Republican presidential candidate Rudy Giuliani’s campaign told The New York Sun on Thursday that the former New York City mayor opposes a New Hampshire law that will legalize civil unions between homosexual couples because it “goes too far.”

“In this specific case the law states same sex civil unions are the equivalent of marriage and recognizes same sex unions from outside states. This goes too far and Mayor Giuliani does not support it,” the campaign said in a statement sent to the Sun.

The newspaper calls that “a startling departure from his previously stated position on civil unions.”

As someone who generally likes Rudy, I can’t figure out what his rationale is in taking such a position. I guess he’s trying to assuage concerns from conservative Christians, but it seems to me that he’ll do more to alienate moderates and fiscal conservatives than any gains he’ll make among conservative Christians. And his appeal with them is going to be limited due to his pro-choice position on abortion.

Rudy is a smart guy, but this isn’t a smart move on his part.

Blog Explosion Halts

Friday, April 27th, 2007

You know how we’ve been hearing about the rapid expansion of the blogosphere? Well, it appears it might have come to an end:

The number of active blogs tracked by Technorati has stalled at about 15 million. Now that’s still a remarkable number, even before one adds in quasi-blogs, such as pages on social network sites such as Myspace. But, compared with the conventional wisdom — that every human, and household pet, will eventually have a blog — the reality is sobering.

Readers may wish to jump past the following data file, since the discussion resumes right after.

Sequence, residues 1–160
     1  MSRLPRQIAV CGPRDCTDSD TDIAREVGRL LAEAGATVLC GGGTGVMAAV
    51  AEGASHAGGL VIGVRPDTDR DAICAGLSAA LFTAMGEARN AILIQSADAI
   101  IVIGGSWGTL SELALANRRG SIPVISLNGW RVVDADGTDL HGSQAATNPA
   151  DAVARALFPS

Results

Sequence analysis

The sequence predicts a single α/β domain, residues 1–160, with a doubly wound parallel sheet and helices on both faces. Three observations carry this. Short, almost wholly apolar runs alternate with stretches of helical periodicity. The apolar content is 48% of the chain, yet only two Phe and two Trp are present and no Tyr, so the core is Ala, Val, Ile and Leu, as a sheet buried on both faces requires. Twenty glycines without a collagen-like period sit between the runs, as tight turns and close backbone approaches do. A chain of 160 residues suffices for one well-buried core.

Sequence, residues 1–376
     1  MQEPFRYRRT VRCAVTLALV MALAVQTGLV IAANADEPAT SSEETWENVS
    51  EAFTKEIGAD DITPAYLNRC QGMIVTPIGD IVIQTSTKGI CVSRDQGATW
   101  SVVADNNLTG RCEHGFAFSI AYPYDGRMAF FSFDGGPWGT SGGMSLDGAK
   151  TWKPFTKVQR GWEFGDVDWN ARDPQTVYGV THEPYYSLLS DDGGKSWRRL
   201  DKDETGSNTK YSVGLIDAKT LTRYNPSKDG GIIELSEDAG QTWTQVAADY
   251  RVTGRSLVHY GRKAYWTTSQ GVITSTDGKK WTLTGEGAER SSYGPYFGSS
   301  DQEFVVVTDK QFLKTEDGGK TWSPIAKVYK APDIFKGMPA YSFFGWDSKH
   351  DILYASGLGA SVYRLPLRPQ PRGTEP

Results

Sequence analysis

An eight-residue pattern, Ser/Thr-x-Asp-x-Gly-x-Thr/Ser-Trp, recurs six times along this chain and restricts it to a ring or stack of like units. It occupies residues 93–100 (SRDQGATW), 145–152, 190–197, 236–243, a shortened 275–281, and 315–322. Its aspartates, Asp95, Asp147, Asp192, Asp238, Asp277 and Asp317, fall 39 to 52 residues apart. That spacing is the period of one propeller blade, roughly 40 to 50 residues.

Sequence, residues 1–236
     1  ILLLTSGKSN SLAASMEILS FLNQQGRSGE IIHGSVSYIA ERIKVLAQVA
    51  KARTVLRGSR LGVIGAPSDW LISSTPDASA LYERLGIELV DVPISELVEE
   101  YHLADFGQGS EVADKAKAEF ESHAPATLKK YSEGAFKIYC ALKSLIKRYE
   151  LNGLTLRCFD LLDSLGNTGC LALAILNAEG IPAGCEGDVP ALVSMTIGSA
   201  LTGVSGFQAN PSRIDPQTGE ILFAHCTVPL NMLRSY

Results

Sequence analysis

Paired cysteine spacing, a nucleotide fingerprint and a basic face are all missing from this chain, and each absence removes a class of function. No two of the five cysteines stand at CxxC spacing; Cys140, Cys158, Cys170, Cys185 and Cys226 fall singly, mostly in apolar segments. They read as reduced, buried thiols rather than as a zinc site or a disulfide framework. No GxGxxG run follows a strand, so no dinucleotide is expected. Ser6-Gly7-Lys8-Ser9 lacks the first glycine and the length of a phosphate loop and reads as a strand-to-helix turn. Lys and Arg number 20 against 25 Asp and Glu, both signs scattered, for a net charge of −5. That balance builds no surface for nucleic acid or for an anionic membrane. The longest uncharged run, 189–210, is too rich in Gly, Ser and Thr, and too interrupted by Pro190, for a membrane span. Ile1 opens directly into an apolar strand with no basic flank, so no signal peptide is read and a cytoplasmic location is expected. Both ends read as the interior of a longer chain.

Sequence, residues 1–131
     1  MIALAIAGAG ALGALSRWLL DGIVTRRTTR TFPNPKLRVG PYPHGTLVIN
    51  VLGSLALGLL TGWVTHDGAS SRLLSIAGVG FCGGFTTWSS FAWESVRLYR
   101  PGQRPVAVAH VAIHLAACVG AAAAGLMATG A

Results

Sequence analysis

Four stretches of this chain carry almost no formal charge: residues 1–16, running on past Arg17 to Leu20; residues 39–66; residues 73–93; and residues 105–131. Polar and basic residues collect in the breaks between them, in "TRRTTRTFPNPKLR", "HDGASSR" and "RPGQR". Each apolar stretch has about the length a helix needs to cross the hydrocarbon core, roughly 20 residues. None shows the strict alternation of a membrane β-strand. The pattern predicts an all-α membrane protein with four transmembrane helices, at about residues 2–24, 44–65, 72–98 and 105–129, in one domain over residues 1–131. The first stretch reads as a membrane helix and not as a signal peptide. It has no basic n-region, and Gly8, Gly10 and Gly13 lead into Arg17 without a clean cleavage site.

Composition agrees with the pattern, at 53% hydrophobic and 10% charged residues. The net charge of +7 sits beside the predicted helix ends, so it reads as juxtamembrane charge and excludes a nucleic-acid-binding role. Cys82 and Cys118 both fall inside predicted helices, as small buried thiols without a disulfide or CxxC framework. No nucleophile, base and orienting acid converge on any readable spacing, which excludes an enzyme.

My theory? There is a limit to how much the blogosphere will actually grow. Oh sure, in theory, everyone could have their own blog, but in reality this will never happen. Not everyone, indeed, not even a majority of people care enough to start their other blogs. Others will start a blog, but quickly abandon it. Thus, it stands to reason that at some point, the blogosphere will reacha peak and stabilize in numbers.

Yet, 15 million is still an amazing number. Lack of growth doesn’t mean an end in influence. It simply means that those who do blog will likely be more committed to it. Even if the growth halts, there are enough blogs out there than anyone can find his or own niche. And, if not, he or she can still create his own.

Via Andrew Sullivan.

Bridging the Transatlantic Divide

Friday, April 27th, 2007

Americans and the French finally agree on something:

The survey of six nations, carried out for the International Herald Tribune daily and France 24 TV station, said 44 percent of French people thought badly of themselves against 38 percent of U.S. respondents who had a negative view of the French.

Kissing a Crime?

Friday, April 27th, 2007

In India, it might be:

An Indian court issued arrest warrants for Hollywood actor Richard Gere and Bollywood star Shilpa Shetty on Thursday for kissing at a public function, according to media reports.

For those who haven’t been following, Richard Gere kissed Indian actress Shilpa Shetty at an AIDS awareness function. In India, public displays of affection tend to be taboo, especially in rural areas which tend to be highly traditional and conservative. In such areas, kissing in public may violate obscenity laws. Thus Gere and Shetty’s kiss is quite the no-no.

It certainly seems to me that we’re seeing some bad behavior all around. Gere should have known better, especially since he’s a “frequent” visitor to India (in the video, Shetty does not appear a willing participant). But it also sounds as though a small town judge might also be trying to get some publicity about the deal. And some traditionalist political leaders are getting to rile up their followers. In the end, though, not much will really come of this.

In case you haven’t seen her, below are some pictures of Ms. Shetty. Gere might spend some time in jail for kissing her. Does anything think maybe it would be worth it?

UPDATE: Alex Knapp likens this situation to an episode of Star Trek: The Next Generation.